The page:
|Born||February 11, 1903|
Central City, West Virginia, U.S.
|Died||January 3, 1966 (aged 62)|
Van Nuys, California, U.S.
|Other names||Rex Lloyd Lease|
Lease arrived in Hollywood in 1924. He found bit and supporting parts at Film Booking Office (FBO), Rayart, more, and was given the opportunity to play a few leads. His first film was A Woman Who Sinned (FBO, 1924).
Lease's earliest westerns were a pair of Tim McCoy silents at MGM, one of which was The Law of the Range (MGM, 1928) which had a young Joan Crawford as the heroine and Lease as the Solitaire Kid. McCoy and Lease became friends, and over the next dozen or so years, he appeared in seven more McCoy westerns.
He successfully made the transition to talkies, and starred in melodramas, action flicks, old dark house mysteries, and comedies as well as a couple of western serials and about a dozen low-budget sagebrush yarns and outdoor adventures. His work in the 1930s included six Western films for Superior Talking Pictures Corporation. Some featured cowboy music, and some had him paired with young actor Bobby Nelson.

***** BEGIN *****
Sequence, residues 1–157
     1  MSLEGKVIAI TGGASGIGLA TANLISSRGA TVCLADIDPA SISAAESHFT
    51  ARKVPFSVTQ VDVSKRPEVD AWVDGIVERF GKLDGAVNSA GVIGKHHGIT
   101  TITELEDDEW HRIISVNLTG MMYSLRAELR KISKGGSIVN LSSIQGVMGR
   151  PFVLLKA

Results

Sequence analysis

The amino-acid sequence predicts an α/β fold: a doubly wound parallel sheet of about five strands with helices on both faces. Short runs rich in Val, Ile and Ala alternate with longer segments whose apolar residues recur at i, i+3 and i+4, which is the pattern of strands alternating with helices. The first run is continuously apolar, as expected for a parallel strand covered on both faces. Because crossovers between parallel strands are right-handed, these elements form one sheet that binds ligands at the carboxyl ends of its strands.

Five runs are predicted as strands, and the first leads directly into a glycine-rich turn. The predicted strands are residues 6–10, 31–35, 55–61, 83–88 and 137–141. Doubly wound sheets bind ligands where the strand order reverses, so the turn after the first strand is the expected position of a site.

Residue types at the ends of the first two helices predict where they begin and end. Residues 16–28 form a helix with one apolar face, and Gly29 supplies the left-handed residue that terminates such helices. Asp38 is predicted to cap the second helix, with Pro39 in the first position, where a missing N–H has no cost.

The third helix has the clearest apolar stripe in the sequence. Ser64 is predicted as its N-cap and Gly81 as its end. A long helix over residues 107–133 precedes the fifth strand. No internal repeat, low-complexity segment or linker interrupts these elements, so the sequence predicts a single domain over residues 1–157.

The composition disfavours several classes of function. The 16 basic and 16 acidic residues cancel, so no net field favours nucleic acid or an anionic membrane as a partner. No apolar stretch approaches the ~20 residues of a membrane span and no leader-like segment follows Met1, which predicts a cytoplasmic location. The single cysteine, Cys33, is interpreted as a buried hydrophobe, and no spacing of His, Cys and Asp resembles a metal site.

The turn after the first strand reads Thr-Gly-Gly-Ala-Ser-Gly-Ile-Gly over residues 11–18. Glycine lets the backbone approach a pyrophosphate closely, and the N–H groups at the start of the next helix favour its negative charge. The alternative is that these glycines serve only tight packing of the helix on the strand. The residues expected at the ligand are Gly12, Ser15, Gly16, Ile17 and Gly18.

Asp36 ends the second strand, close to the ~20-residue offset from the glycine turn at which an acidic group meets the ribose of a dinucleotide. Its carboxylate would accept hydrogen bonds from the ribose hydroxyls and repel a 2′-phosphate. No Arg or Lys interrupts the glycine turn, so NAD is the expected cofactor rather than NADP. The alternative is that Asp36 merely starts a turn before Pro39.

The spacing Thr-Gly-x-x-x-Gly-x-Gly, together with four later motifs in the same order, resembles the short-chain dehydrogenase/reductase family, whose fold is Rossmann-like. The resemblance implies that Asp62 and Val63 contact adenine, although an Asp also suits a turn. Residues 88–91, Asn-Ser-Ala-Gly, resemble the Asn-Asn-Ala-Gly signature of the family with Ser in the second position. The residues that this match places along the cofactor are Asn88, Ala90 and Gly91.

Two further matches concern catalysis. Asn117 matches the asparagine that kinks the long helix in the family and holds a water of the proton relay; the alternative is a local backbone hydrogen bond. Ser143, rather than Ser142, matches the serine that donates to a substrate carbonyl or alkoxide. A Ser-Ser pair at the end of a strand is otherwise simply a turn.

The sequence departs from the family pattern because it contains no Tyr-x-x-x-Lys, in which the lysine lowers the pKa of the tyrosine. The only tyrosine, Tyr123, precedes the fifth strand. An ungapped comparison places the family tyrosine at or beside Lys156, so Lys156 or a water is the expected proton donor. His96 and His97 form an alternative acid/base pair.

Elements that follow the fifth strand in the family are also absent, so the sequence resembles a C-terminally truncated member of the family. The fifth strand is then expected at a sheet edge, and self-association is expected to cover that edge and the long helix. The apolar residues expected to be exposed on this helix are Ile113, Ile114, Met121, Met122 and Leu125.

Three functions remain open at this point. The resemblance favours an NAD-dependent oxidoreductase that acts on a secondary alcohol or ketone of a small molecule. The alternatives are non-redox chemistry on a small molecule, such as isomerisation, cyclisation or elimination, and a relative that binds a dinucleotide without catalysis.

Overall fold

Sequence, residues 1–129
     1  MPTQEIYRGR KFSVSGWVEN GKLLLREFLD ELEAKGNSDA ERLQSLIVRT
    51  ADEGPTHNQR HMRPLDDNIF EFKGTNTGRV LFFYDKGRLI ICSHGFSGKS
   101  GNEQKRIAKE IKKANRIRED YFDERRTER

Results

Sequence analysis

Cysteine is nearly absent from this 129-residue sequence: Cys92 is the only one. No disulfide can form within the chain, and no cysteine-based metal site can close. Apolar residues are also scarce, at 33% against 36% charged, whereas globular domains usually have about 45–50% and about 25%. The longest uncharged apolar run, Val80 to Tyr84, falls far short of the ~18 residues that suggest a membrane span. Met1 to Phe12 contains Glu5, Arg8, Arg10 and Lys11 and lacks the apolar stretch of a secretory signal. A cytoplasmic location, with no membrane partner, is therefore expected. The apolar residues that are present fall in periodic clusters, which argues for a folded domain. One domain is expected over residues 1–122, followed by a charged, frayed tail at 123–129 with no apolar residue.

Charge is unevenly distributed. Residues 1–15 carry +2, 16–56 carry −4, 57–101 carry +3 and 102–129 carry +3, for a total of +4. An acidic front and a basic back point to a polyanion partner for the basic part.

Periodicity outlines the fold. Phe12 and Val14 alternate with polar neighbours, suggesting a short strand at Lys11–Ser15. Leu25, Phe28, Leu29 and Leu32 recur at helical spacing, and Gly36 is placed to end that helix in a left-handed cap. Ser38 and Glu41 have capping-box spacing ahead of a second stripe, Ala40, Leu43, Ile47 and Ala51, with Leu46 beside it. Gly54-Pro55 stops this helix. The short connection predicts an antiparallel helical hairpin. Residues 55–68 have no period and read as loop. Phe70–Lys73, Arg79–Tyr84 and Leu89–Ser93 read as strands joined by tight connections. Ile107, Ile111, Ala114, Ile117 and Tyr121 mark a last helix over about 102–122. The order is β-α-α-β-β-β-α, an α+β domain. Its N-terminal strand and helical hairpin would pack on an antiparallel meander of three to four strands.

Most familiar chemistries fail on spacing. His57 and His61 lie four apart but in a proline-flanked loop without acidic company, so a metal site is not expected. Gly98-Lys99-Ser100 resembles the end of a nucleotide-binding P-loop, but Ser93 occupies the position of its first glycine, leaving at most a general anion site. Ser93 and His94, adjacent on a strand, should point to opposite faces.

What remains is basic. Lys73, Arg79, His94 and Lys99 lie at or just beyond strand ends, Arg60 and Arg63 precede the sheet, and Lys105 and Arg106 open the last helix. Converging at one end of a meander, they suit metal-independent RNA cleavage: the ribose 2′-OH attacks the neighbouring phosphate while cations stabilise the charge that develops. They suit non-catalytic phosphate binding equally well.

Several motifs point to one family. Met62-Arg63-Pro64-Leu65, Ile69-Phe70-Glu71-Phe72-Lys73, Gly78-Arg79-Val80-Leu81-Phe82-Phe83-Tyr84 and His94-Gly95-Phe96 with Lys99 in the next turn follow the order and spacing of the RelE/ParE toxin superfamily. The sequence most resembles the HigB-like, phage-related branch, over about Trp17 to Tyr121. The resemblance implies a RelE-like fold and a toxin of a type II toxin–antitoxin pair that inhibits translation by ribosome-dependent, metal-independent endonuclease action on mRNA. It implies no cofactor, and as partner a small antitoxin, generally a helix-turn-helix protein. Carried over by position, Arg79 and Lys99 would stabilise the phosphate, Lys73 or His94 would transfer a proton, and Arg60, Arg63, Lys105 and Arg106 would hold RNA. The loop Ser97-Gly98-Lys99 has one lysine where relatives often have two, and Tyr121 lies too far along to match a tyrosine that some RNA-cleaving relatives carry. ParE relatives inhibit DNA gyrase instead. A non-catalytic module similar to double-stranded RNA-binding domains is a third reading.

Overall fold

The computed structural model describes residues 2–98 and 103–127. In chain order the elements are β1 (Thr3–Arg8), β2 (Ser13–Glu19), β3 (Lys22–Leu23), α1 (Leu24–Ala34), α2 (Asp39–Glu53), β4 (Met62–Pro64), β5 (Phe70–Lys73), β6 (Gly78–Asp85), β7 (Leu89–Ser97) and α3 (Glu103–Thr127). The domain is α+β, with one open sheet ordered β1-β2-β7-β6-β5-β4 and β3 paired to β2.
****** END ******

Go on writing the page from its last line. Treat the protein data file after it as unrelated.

In between lead roles, Lease did featured parts in some B westerns. He was Hoot Gibson's brother in Cavalcade of the West (Walter Futter Prod., 1936); Lease played the "Pecos Kid" in McCoy's Lightnin' Bill Carson (Puritan, 1936); played Col. William B. Travis in Heroes of the Alamo and he worked in a couple of Tom Tyler's, Ridin' On (Reliable, 1936) and Fast Bullets (Reliable, 1936). Lease had the lead in the 1936 film serial Custer's Last Stand (1936).
Though no longer afforded star billing, he continued in smaller roles into the 1950s in films and on TV.
On January 3, 1966, Rex Lease was found dead by his son Richard on the kitchen floor at his Van Nuys, California, home. He had died sometime between New Year's Eve and January 3. Richard was later shot and killed in a traffic altercation with two teenagers.
Lease was married at least five times.